There’s Violet and Iris, Lily and Rose. So why not this botanical pick?

Thanks to Sophie for suggesting Dahlia as Name of the Day.

At first glance, Dahlia seems like a straightforward floral appellation. The perennial got her name courtesy of Swedish botanist Anders Dahl. Dahl didn’t name the bloom himself – instead, the director of a Madrid garden christened them in the 1800s, shortly after Dahl’s death.

Anders tripped over his future namesake in Mexico. Three dozen species flourish throughout Central America; oodles of hybrids have been cultivated. The Aztecs grew them back in the day.

As a name, Dahlia has something of a Victoriana vibe. In the early 20th century, British author P.G. Wodehouse bestowed the name on a character in his Jeeves and Wooster series. Dahlia Travers is Bertie Wooster’s “good aunt,” though she still manages to get him into all sorts of scrapes, often involving a sterling silver cow creamer. (You’ll have to read the series to understand – and to appreciate Jeeves’ ability to unravel a sticky situation.)

While dahlias come in many shades, there’s no such thing as blue – even today, the color does not appear in the official classification charts of The American Dahlia Society. And so the phrase “blue dahlia” means something impossible. In 1946, Raymond Chandler penned The Blue Dahlia, a film starring Veronica Lake and Alan Ladd. Lake plays a character called Joyce – the Blue Dahlia is a nightclub.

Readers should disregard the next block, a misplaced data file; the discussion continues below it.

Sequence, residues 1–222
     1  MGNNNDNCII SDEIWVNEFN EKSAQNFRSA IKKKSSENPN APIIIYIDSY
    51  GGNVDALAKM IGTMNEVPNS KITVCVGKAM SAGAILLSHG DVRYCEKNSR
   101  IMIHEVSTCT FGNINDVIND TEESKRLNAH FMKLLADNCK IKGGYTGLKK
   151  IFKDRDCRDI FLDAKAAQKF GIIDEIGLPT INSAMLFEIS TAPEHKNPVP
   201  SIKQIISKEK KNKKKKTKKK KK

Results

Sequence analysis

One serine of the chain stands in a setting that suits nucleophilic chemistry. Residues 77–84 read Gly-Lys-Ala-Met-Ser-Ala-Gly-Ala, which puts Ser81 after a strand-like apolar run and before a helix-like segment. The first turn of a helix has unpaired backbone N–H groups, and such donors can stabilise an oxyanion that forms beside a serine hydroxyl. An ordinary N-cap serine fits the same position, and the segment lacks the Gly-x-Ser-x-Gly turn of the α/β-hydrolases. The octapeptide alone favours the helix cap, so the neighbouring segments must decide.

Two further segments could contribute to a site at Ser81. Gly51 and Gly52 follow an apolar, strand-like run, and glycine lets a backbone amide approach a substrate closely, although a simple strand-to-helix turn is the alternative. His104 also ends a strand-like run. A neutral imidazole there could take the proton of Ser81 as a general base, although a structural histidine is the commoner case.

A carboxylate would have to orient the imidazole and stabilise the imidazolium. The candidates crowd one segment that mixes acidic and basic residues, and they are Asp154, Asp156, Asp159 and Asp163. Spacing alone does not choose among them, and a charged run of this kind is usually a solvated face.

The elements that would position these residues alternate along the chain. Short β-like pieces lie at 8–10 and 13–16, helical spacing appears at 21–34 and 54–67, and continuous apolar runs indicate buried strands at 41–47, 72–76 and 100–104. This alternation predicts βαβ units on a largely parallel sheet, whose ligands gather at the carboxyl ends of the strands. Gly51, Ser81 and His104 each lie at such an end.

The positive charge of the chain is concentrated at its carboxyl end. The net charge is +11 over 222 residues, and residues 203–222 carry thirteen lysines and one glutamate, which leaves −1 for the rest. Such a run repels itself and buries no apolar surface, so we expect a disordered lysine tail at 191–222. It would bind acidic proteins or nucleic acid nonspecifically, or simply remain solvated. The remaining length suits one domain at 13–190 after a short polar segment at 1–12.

There’s also an Arabic and Hebrew name that’s just one letter different: Dalia. She’s still botanical, but in this case, Dalia is related to the word for a grapevine or olive branch.

One more Dalia of note: in Lithuanian mythology, Dalia is a goddess, associated with weaving and, naturally, fate.

Regardless of source, the common English pronunciation is DAHL yah. But drop the “h” and a few sources will suggest the three-syllable da LEE ah.

All of this makes for a sweet little floral moniker, with a nicely pan-global vibe and a sort of British gentility all at once.

But then there’s the Black Dahlia. And all of a sudden, this simple flower leans Goth.

While she wasn’t known by the name in life, the ill-fated Elizabeth Short is remembered to history as the Black Dahlia, the victim of a gruesome, unsolved murder from 1947 Los Angeles. The nickname was apparently a play on the Raymond Chandler movie title. While it is tempting to dismiss the reference as old news, the most recent film version of the story was just 2006.

Dahlia would be right at home with our gardens of girls. She’s a bit fussier than Lily and frillier than Violet. The nickname Dolly makes her wearable for even a small child. (Though the spelling is a stretch.) And while she appears in the US Top 1000, she’d only reached as high as #745 in 2008. Variant Dalia stood at #920. So while she could climb, for the moment, she’s still underused.

Dahlia is pretty, polished. sophisticated and surprisingly dark. It’s an interesting option for a daughter.

About Abby Sandel